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We all have to do it. At some point in your life or career, you will have to give a presentation. Chances are your presentation will have numbers. How many numbers it involves depends on what field you’re in.
However, it is very likely you will have to vouch for numbers that are in your report, Excel spreadsheet, or PowerPoint presentation. On top of that, you will probably get a question from somebody who is looking to impress everyone and will call you out on a mistake you made with your numbers.
Well, guess what? Randall Bolten wants to help you prevent that guy from even asking his “got ya” question. Bolten is the author of Painting with Numbers: Presenting Financials and Other Numbers So People Will Understand You, a book that will help you overcome the stigma of presenting numbers and allow you to give more effective presentations involving numbers.
Who is Randall Bolten you ask? Well, let’s just say he’s quite the authority on many things involving numbers. Here are three things that stick out to me about Bolten: (1) he operates a consulting practice focused on financial management and information presentation, (2) he has over 30 years of experience as a financial executive in Silicon Valley, and (3) he holds a BA from Princeton and an MBA from Stanford. So, yeah, you might want to listen to what Bolten has to say. (Catch Randall on Financial Bin Radio on Tuesday, May 1st at 5:30 PM Eastern).
When I make a presentation, one of the first things I want to know is: who is my audience? Who will I be presenting to? For many of you reading Financial Bin, I imagine you will be presenting to either your boss (as an employee) or investors (as an entrepreneur or business owner). Let me talk to the employees out there for a second. Bolten gives some great advice for all of you out there – especially those that have to provide your manager with a ton of updates and reports on the status of your work.
In chapter 4, “Your Audience Matters,” Bolten suggests that you be consistent with how you present numbers as this breeds familiarity with your style and allows your audience (in this case management) to become comfortable with your reporting ability. He also explains that they “can absorb the content much more quickly” and they will “expect a certain level of quality from you.” Having this mindset and focus will only help you that much more come promotion time. As Bolten explains, this skill of presenting numbers can be learned. So, don’t fret if you’re not the best with it right away.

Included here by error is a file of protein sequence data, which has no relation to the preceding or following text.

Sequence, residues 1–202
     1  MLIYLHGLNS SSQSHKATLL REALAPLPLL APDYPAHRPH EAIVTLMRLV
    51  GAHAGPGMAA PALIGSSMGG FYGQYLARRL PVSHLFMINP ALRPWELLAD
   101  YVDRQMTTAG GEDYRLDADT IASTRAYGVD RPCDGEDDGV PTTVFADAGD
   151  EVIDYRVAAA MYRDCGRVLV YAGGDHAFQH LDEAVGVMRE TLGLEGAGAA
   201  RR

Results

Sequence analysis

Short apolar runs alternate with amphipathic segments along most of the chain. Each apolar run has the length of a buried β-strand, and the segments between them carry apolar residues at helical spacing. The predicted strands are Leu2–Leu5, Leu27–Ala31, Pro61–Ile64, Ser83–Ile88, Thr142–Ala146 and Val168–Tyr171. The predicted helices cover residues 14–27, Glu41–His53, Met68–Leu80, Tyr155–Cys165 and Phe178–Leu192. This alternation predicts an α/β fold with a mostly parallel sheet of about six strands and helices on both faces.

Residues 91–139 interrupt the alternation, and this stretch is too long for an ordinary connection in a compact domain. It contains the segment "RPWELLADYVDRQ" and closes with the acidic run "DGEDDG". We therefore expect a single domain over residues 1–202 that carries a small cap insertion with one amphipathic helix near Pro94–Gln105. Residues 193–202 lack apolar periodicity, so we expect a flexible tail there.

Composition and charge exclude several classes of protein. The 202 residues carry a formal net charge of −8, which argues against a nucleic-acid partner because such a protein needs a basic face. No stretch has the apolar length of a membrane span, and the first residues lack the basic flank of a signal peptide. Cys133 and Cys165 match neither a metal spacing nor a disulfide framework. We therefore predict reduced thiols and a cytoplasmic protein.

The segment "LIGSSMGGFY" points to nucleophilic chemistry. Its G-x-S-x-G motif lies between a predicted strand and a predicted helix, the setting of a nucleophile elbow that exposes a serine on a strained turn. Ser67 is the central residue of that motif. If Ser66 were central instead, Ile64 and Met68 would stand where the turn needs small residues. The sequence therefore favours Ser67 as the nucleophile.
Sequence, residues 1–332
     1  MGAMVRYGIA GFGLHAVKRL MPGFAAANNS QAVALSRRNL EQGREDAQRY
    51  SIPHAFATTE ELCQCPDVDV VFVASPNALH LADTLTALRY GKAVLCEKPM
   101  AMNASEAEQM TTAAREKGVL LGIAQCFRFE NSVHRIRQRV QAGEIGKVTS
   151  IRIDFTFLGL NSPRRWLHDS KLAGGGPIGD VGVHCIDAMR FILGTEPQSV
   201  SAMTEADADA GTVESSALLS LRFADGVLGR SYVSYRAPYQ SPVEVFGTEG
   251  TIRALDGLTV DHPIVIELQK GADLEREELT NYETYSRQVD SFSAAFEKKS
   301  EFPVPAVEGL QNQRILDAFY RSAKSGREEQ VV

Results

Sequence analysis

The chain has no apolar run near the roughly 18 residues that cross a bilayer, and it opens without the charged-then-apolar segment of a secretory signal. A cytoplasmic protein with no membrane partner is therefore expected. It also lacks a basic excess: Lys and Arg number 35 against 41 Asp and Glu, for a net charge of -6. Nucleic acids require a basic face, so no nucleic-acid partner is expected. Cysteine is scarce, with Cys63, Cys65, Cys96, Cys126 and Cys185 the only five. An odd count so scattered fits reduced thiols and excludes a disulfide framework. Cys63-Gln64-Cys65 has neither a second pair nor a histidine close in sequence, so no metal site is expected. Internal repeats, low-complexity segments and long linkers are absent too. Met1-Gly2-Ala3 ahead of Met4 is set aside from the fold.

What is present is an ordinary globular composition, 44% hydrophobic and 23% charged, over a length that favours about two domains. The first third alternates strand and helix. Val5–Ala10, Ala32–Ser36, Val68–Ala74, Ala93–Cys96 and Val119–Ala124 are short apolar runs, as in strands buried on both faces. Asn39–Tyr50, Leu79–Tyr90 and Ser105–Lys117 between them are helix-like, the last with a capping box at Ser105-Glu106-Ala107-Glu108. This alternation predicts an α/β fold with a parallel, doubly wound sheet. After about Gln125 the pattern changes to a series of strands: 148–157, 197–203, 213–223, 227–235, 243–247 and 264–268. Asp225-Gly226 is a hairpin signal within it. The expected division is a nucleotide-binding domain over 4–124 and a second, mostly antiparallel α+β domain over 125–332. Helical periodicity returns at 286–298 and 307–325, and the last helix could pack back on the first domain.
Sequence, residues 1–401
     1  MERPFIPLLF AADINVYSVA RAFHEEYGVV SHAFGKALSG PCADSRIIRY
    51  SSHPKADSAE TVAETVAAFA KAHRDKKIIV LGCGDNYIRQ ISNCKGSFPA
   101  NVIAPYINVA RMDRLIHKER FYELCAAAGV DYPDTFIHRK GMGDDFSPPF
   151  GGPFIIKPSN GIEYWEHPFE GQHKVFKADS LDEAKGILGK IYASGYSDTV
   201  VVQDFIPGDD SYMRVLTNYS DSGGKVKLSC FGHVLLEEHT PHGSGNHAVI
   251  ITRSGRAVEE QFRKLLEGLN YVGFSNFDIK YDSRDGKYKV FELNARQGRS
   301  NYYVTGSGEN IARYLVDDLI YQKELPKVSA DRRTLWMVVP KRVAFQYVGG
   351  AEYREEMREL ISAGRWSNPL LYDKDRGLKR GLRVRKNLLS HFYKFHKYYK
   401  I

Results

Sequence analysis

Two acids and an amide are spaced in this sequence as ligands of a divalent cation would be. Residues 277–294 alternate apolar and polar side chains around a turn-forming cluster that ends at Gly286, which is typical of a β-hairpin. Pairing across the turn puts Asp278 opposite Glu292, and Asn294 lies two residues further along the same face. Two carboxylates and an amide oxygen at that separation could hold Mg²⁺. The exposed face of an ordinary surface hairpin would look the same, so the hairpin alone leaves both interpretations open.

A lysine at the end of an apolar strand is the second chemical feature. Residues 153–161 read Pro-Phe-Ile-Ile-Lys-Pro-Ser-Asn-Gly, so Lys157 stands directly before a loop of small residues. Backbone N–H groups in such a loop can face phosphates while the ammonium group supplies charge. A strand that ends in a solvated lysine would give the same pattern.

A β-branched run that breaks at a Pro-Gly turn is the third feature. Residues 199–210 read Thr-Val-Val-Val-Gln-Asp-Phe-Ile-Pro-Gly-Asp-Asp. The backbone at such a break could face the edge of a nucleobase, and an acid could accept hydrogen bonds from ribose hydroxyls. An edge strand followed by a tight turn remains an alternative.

Another part I want to point out comes from chapter 8, “The Pitfalls of Presentations and PowerPoint.” In a section on page 164 titled “It’s Your Presentation – Manage It” Bolten talks about “politely but firmly [keeping] your presentation on track” to achieve your objectives. This is one of the most important items in the book in my opinion. Your audience will ask questions – especially if numbers are involved. That’s a given. However, it’s up to you to keep them on track and not take the entire presentation off on a 15-minute tangent.
For those in the financial world, Bolten’s book is perfect if you’re looking to give more successful presentations. It’s as simple as that. You will be doing yourself – and your career – a huge favor.
Make sure to listen live to Randall’s interview on Financial Bin Radio with David Domzalski. The show airs this Tuesday, May 1, 2012 at 5:30 PM Eastern.
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